Thread: Expected output is missing from using fgets()

  1. #1
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    Expected output is missing from using fgets()

    Hi all, new to the forum

    Just wanted some assistance: does anyone know why the first word of the string isn't printed in the output when i use 'fgets()' in the code (below) and what can I do to solve this issue?

    Thanks in advance.

    Code:
    #include <iostream>
    #include <cstdio>
    
    
    using namespace std;
    
    
    int main()
    {
    	char str[40]; // Holds ten characters with a null (0) at the end.
    
    
    		cout << "Enter a string: ";
    		cin >> str; //read string from keyboard
    		cout << "Here is your string: " << endl;
    		fgets(str, 40, stdin);
    			cout << str << endl;
    		return 0;
    }
    Output: Expected output is missing from using fgets()-capture-png

  2. #2
    and the hat of int overfl Salem's Avatar
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    Because cin >> str; is like scanf("%s") in C.
    It uses white-space as a delimiter.

    If you want to read a whole line in C++, then use cin.getline()
    Also in C++, use std::string to store things, not char arrays.
    If you dance barefoot on the broken glass of undefined behaviour, you've got to expect the occasional cut.
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  3. #3
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    Mingling C and C++ I/O is a bad idea. It didn't bite you this time, but it's just better not to do it.

    What happened here is this: std::istream::operator>> reads until the first delimiter (any whitespace). So on line 14, you get one word. The following space is left in the input buffer, and then, on line 16, you read the remainder, up to 40 characters, starting at the beginning of your buffer (str), and overwriting what you just read on line 14.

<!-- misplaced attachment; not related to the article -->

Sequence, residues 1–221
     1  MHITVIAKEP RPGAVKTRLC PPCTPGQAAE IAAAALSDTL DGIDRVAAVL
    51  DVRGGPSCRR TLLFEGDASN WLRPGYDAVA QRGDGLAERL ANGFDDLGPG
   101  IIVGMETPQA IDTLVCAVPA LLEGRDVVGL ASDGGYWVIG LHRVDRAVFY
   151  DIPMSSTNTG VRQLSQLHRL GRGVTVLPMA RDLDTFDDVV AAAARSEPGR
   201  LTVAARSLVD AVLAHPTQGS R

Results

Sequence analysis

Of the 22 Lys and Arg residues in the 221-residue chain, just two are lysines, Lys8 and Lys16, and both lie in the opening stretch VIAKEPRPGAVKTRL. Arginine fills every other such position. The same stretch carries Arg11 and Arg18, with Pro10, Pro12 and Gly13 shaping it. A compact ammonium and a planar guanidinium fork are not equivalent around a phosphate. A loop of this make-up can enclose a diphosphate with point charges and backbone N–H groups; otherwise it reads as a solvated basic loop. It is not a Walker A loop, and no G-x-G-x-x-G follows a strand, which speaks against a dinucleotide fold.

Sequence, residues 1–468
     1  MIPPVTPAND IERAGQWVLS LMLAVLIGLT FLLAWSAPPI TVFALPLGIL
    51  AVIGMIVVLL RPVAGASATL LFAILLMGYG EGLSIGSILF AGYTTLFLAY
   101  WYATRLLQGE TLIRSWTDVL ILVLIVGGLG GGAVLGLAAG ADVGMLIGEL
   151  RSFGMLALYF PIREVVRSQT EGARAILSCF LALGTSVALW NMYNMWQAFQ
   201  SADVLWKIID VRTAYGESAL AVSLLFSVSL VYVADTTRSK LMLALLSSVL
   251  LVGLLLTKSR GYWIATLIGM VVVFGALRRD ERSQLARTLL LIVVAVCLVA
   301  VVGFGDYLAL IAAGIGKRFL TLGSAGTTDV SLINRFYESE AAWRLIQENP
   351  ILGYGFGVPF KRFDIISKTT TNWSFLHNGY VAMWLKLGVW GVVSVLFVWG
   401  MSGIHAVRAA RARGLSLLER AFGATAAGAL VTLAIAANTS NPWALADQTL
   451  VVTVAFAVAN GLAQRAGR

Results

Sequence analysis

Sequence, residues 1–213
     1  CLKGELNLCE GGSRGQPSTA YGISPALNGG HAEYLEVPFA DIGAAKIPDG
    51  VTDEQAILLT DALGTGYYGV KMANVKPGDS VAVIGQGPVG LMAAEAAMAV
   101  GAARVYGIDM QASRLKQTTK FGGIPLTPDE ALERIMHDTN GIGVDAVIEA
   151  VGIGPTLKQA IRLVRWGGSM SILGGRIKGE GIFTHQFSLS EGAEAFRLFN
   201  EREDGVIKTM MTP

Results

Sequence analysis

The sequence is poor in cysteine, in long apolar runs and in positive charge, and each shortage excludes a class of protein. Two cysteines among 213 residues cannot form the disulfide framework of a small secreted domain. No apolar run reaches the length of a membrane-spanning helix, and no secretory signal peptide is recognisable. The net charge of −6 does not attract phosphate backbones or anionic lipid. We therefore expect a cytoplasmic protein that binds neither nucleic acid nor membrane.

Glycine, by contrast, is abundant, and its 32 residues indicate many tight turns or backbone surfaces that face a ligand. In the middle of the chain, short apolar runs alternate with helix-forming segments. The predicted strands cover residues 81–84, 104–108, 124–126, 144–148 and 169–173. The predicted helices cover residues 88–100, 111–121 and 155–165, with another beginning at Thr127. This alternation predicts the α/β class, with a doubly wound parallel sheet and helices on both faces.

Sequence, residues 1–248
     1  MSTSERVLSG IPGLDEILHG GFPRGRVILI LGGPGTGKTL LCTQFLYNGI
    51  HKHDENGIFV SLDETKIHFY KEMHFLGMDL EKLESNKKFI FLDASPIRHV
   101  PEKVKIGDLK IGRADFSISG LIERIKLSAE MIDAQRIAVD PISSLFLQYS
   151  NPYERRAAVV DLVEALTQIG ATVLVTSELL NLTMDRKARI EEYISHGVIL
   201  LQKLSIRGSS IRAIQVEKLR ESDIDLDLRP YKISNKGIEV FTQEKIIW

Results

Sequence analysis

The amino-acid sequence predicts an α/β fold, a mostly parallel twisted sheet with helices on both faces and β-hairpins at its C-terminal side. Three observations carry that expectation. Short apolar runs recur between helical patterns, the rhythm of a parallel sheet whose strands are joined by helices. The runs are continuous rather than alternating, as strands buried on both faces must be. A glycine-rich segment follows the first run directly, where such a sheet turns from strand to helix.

You also have a recipe for undefined behavior here, because you allocate enough space for 40 characters, and then you tell fgets to read up to 40 characters into a buffer, and then print that buffer. The problem comes if there are actually 40 characters to read, in which case there will be no null terminator. When you print it back out, std::ostream::operator<< will try to print until it finds the null terminator, which could be anywhere, even outside the allocated space for your program, or nowhere at all, causing your program to crash.
    What can this strange device be?
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  4. #4
    and the hat of int overfl Salem's Avatar
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    > The problem comes if there are actually 40 characters to read, in which case there will be no null terminator.
    This isn't true.
    fgets() always appends a \0.
    It leaves the rest of the input on the input stream.
    fgets(3): input of char/strings - Linux man page
    If you dance barefoot on the broken glass of undefined behaviour, you've got to expect the occasional cut.
    If at first you don't succeed, try writing your phone number on the exam paper.

  5. #5
    C++ Witch laserlight's Avatar
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    The problem is that the formatted input with the overloaded operator>> leaves the trailing whitespace in the input buffer. If this whitespace includes a newline, then subsequently reading up to the end of the line as with fgets would give you what appears to be an empty (or only consisting of whitespace) string.

    There are two general approaches to fixing this:
    • Read line by line, parsing the line if necessary. This approach could be easier if you used std::string instead with std::getline.
    • Discard characters after reading with operator>> until the newline is encountered, e.g., by using cin.ignore


    By the way, instead of using fgets, use cin.getline to read the line. fgets is inherited from the C standard library, whereas cin.getline would be more consistent with what you have been using for I/O.
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  6. #6
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    Overwhelmed by all your responses, read through them and got the code sorted. Now understanding it a bit more. Thanks for the help all.

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